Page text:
DOE sets ‘corrective policies’ to lure fresh oil exploration investments

Published August 12, 2022, 9:18 AM

by Myrna M. Velasco

The Department of Energy (DOE) will re-take “baby steps” and will push for “corrective policies” to entice fresh capital flow in the country’s upstream oil and gas sector, especially in areas not encumbered by territorial disputes.

“I think we don’t even have to look far into the West Philippine Sea right now…we’re looking at the areas that are clearly undisputed; and we’re also looking at the near-fields around Malampaya,” Energy Secretary Raphael P. M. Lotilla said.

He, nevertheless, admitted that before investors will place their bets on risky exploration and production (E&P) investments in the Philippines, the policy terrain of the sector must be given clarity first.

“The President indicated that he wants to have all legal and policy issues that have been a sword of Damocles over investments in the upstream clarified fully,” the energy chief stressed.

Lotilla has not provided details yet on the ‘policy fixes’ being framed by the Marcos administration, but he just hinted that this is currently sorted out by the legal cluster of the energy department.

“But I want to assure you that we are on track towards the resolution of a number of these uncertainties,” he told reporters who raised questions about prospects of re-opening oil and gas exploration activities across Philippine basins.

While adjustments are pushed on the “wobbly points” of the industry’s regulatory milieu, the DOE is giving assurance on policy stability that the investors would be able to lean on primarily the deep-pocketed foreign companies that will be risking millions to billions worth of dollar-investments in the country’s sedimentary basins.

The past Duterte administration attempted to whet investors’ appetite in the upstream petroleum sector via its self-designed Philippine Conventional Energy Contracting Program (PCECP) up to the point that it lifted the moratorium on oil exploration activities at ‘conflict areas’ within the West Philippine Sea. But, it still failed miserably in cornering investments; that not even a single well was drilled in their reign.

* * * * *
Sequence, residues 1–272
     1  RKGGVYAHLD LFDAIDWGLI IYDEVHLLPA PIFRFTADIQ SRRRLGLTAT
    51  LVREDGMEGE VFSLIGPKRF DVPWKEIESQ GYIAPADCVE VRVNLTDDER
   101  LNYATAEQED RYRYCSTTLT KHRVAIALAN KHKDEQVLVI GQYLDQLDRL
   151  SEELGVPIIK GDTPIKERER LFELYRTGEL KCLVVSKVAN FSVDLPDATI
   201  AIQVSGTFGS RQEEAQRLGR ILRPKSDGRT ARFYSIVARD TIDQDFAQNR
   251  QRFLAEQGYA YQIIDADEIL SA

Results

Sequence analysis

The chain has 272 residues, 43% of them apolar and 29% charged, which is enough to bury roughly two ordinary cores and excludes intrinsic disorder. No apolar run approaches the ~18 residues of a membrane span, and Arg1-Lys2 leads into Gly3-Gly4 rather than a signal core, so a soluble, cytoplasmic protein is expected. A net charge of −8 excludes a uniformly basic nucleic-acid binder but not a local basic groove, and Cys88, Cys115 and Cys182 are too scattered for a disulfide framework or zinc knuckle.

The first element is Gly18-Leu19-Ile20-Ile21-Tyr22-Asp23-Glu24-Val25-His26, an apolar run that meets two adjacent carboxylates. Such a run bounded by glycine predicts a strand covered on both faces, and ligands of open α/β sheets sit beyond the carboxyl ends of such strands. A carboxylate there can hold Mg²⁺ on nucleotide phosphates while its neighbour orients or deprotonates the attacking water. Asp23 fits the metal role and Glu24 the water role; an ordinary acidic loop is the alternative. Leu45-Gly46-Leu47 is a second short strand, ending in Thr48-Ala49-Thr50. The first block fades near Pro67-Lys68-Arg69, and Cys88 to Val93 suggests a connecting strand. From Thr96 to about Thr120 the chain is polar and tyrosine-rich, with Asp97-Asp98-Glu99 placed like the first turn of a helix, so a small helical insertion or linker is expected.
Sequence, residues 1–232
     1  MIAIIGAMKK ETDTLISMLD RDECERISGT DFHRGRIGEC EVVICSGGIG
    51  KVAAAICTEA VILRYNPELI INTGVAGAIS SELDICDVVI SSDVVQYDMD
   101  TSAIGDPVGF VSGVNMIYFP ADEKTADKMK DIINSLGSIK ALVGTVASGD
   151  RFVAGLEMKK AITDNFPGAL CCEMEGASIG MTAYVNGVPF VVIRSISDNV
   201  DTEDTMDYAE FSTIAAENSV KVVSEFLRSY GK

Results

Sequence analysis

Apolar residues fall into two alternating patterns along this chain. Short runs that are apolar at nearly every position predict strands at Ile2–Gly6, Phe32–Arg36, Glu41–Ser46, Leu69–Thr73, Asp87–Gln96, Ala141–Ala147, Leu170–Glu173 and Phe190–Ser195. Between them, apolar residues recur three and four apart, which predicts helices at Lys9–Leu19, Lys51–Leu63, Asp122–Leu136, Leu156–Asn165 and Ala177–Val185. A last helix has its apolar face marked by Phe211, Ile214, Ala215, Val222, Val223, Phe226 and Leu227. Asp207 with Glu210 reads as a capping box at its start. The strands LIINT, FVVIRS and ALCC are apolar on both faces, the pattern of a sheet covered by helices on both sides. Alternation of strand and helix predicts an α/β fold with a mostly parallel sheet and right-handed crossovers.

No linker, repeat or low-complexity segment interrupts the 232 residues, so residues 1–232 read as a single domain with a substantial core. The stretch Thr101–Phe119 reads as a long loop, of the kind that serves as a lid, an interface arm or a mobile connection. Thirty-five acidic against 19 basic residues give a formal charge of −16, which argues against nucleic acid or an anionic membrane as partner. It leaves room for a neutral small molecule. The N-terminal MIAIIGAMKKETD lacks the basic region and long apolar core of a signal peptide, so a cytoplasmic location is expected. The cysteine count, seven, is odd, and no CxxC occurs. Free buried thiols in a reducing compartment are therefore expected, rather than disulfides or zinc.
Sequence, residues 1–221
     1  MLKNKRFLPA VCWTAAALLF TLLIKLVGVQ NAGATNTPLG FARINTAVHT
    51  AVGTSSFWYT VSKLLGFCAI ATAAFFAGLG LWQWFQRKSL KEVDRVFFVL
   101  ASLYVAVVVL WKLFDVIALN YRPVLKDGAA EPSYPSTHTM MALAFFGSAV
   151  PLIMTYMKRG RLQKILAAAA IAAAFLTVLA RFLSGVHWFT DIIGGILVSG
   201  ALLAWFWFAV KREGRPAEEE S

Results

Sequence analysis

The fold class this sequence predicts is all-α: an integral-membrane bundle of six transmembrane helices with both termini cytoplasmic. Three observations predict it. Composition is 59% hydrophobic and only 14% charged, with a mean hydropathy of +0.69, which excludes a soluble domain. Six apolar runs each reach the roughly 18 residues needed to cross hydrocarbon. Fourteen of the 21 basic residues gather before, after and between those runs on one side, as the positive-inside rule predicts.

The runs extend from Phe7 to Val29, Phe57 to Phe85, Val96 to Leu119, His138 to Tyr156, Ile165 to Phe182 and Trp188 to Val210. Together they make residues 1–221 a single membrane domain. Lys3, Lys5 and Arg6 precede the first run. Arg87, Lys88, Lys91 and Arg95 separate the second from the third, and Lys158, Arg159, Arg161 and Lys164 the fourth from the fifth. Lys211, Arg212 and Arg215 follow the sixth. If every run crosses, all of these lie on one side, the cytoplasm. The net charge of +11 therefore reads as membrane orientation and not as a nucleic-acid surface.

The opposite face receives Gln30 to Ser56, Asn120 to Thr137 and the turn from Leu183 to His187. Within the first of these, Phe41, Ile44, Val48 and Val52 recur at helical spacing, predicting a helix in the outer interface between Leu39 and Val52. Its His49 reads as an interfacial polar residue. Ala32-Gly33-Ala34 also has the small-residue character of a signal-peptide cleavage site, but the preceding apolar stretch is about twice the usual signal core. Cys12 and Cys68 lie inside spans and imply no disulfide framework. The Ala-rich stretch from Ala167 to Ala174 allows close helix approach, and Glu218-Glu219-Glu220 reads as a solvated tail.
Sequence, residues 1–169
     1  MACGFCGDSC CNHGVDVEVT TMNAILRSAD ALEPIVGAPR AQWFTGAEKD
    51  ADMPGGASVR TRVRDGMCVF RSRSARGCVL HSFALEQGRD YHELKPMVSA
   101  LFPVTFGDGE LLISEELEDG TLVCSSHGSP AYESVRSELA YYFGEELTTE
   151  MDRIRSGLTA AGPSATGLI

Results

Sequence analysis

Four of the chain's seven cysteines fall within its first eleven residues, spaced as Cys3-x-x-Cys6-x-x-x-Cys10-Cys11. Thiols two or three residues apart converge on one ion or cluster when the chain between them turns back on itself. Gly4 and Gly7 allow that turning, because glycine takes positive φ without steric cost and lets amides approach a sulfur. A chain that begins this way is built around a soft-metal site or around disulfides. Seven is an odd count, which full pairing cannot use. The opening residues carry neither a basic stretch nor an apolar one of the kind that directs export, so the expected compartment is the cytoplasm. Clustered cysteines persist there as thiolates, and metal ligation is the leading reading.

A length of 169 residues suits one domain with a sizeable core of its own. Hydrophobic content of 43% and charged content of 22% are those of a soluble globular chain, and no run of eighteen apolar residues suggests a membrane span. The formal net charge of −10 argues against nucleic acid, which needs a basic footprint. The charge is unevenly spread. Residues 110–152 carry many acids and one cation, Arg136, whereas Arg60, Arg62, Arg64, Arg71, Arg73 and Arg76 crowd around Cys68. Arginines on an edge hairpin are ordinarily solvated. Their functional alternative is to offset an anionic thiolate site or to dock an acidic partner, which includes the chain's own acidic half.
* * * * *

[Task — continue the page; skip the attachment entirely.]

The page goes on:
Beyond the diplomatic tussle that has been bedeviling the country’s efforts in finding its next Malampaya, investors have also repeatedly raised concerns over the antiquated provisions of Presidential Decree 87 or the Philippine Oil and Gas Law; as well as the implications of the Malampaya tax case which is still pending with the Supreme Court.

The pervasiveness of “weak data’ on the offered petroleum blocks similarly disappoints investors, hence, that is one area that they would want government to address before pursuing new wave of petroleum contracting round.

Prospective investors further indicated that while the fiscal incentives regime under PD 87 spurred commercial discoveries (i.e. the Malampaya gas and Galoc oil fields) in the past, some of its provisions are no longer attuned to the investment climate of the present.

On precept of obsolescing bargain raised by foreign investors, there had been plans by the DOE to modify the 60:40 royalty sharing arrangement between the State and the petroleum service contractors and the recommendation then was to explore options on how to make the cost recovery scheme more enticing to the service contractors.

The energy department examined Indonesia’s experience on that policy terrain fundamentally the “gross split revenues” that this Southeast Asian neighbor had institutionalized in 2017, with the energy officials noting that proposals of refashioning the cost recovery scheme might make sense given the very low prospectivity and the very high risk nature of investing in the country’s petroleum blocks.

DOE data would show that only 23 wells had been drilled in various petroleum basins in the country over the past 12 years or a number that redounds to just two to three wells drilling per year. In fact, the Philippines even lagged behind Myanmar which was able to drill 29 wells in over a decade; while Vietnam had 43 wells; and the more mature markets of Malaysia logging in 81 well-drillings; Thailand with 594 wells and Indonesia with 903 wells.

The low prospectivity, it was noted, aggravates the frustration of many companies which do not have the assurance that the expenses incurred, which are in millions of dollars, cannot be recovered in case of negative results in their exploration and drilling activities.

Given the government’s to-do list yet in crafting the ‘curative measures’ for the industry, it is worth watching if the Philippines under the Marcos administration can finally corner much-desired investment-dollars in the E&P sector.

 
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